Certainly, the approach of interventions at the jump times of another process is related to the formulation of ruin theoretic problems under random observations. Such a model comprising dividends is introduced by Albrecher et al. [1] and gained some relevance in actuarial research over the last years. We need to emphasize that our present model is continuously monitored, i.e., dividend decisions can be made at any point in time and also the ruin event is immediately observed.
Another framework where dividend maximization problems for firm value determinations play a crucial role is corporate finance. There the underlying process, typically given by a diffusion process, is interpreted as a cash reservoir of a company and the expected value of cumulated dividends reflects the value of this company. The present question is studied in a similar fashion in this financial diffusion framework by Hugonnier et al. [7] in combination with an optimal stopping problem. As mentioned, the problem studied there is based on a continuous sample paths process and also the transaction cost parameter equals one, which results in a common single barrier type optimal strategy, both for dividends and fundings.
Interestingly, the recent paper by Zhang et al. [13] study a compound Poisson risk model with a particular capital injection procedure, which is very similar to the optimal one derived in our contribution. In contrast to our considerations, the focus is put on the determination of discounted penalty functions and dividend decisions are not part of the setup.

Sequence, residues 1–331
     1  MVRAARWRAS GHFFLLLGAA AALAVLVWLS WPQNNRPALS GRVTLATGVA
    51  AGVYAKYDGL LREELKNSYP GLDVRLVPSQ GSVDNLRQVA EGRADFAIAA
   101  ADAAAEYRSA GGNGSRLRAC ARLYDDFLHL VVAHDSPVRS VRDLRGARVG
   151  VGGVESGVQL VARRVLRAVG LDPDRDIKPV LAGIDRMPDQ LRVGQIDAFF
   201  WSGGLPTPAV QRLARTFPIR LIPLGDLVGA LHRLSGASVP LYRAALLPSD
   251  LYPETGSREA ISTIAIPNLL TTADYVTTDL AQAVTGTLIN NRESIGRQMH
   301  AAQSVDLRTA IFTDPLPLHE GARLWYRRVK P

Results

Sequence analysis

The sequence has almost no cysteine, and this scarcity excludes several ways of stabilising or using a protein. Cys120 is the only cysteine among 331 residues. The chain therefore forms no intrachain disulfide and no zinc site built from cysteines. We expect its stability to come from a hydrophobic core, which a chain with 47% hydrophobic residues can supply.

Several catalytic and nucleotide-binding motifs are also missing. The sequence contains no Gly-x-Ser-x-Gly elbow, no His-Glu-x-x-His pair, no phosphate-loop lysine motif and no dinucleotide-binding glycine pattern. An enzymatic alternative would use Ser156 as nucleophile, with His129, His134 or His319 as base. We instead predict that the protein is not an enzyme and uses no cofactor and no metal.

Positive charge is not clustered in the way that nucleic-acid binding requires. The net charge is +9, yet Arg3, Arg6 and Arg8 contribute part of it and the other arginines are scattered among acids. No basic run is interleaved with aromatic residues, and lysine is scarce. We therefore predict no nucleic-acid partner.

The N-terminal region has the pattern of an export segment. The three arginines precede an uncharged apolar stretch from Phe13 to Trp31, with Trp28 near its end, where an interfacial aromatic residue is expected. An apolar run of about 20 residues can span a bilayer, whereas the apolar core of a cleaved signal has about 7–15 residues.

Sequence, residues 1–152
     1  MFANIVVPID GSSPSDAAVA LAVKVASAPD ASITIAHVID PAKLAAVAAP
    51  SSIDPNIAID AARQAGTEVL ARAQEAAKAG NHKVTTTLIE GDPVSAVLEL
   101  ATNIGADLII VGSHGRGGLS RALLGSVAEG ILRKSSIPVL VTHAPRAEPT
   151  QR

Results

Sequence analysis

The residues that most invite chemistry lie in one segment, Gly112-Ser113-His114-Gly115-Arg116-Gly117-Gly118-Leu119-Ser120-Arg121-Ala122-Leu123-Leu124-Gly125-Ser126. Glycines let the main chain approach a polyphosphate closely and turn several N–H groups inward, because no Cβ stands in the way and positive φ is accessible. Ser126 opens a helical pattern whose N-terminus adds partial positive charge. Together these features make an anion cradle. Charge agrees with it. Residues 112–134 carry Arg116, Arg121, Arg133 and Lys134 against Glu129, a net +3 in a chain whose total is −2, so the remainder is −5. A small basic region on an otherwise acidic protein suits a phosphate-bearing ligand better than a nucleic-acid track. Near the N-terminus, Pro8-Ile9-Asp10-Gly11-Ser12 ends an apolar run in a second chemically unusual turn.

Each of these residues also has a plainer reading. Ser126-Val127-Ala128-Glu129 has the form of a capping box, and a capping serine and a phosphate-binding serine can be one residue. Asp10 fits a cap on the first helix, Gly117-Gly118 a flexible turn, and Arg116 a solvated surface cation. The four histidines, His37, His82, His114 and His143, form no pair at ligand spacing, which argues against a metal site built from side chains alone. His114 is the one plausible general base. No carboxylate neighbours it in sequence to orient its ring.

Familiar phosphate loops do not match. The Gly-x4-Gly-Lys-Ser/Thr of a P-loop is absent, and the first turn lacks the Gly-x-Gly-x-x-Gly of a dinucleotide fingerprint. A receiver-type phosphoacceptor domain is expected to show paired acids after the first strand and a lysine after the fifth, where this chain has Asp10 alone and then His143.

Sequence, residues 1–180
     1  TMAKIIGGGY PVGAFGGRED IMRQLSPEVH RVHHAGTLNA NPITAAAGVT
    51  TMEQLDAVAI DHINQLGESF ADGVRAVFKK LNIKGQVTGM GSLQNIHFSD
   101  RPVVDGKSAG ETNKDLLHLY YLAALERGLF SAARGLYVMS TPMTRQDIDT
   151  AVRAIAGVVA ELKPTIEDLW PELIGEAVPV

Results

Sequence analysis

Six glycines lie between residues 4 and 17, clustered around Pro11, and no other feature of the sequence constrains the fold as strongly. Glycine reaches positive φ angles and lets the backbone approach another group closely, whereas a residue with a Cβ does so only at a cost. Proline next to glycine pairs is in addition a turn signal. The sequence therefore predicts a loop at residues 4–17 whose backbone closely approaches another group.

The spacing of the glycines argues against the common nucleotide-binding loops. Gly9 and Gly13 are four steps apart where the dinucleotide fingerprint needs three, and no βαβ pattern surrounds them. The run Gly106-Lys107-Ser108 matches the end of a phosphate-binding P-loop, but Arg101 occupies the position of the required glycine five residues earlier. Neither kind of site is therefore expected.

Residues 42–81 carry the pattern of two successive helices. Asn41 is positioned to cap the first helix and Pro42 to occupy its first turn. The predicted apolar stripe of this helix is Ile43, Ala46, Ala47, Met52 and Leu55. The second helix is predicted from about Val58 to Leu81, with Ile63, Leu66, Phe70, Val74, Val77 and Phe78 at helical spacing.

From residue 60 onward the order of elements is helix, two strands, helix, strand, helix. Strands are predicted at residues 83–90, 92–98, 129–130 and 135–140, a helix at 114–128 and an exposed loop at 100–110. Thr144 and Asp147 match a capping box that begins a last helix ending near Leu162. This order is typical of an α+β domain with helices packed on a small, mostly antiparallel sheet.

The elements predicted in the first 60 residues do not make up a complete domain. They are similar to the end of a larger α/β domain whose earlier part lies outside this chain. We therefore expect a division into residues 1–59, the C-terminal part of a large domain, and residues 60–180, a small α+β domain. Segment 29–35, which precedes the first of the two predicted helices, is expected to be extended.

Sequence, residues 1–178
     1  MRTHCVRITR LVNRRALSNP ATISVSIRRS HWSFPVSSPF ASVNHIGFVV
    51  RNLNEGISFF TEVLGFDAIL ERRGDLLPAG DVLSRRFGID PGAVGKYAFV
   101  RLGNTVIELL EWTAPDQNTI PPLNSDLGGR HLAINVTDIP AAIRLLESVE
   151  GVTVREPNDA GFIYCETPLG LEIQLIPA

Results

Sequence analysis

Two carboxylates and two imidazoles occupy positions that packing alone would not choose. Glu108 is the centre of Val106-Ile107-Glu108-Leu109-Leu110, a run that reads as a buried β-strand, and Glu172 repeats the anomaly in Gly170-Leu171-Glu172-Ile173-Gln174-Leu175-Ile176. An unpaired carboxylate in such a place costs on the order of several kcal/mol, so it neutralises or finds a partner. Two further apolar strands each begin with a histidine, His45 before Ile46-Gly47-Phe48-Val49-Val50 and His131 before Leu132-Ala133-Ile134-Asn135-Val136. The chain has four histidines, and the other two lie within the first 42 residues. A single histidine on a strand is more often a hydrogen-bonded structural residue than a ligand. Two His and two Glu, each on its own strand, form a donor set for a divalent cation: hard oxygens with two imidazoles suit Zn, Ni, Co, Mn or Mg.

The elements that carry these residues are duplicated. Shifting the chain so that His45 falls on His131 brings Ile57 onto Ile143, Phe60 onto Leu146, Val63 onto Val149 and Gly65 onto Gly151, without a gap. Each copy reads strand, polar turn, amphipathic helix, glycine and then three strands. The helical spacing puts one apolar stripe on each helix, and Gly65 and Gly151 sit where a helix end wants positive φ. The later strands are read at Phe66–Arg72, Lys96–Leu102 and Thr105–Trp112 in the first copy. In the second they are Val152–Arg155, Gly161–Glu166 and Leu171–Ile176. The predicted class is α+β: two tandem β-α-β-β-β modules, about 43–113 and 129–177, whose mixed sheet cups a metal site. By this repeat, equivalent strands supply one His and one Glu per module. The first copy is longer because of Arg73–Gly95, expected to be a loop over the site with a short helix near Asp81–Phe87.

The paper is organized as follows. We start with the mathematical formulation of the model and associated stochastic optimization problem. In a next step we establish some basic properties of the value function and study parameter constellations which lead to degenerate optimal strategies. Having understood the crucial dependence on the magnitude of the transaction costs, we can subsequently determine the optimal strategy and corresponding value function. The key in this step is to prove the existence of a solution of a freeboundary value problem comprising two boundaries. We close the paper by some numerical illustrations which focus on the optimal strategy as a function of the transaction cost parameter \(\phi \).
1.2 Model setup
In the subsequent lines we introduce the model of interest and the underlying stochastic protagonists. First of all we set up the stochastic basis of our considered model. We suppose a given probability space \((\varOmega ,\,{\mathbf {F}},\,P)\) which carries the following underlying stochastic processes.
Remark 1
Due to the independence assumptions we have that \(Pa.s.\) the two Poisson processes N and B do not jump at the same time. Since the paths of the dividend process L are leftcontinuous one needs to read \(\varDelta L_t=L_{t+}L_t\).
1.3 Optimization problem and value function
Remark 2
Lemma 1
Let g be a continuously differentiable solution to the HJBequation (3), then g is strictly monotone increasing (\(g'\ge 1\)) and bounded from below by \(\frac{c}{\lambda +\delta }>0\).
Proof
From the equation we directly obtain that \(g'\ge 1\) and if we consider the limit \(x\searrow 0\) we get \(g(0+) \ge \frac{c}{\delta +\lambda }>0\). Since g is monotone increasing and continuous the assertion follows. \(\square \)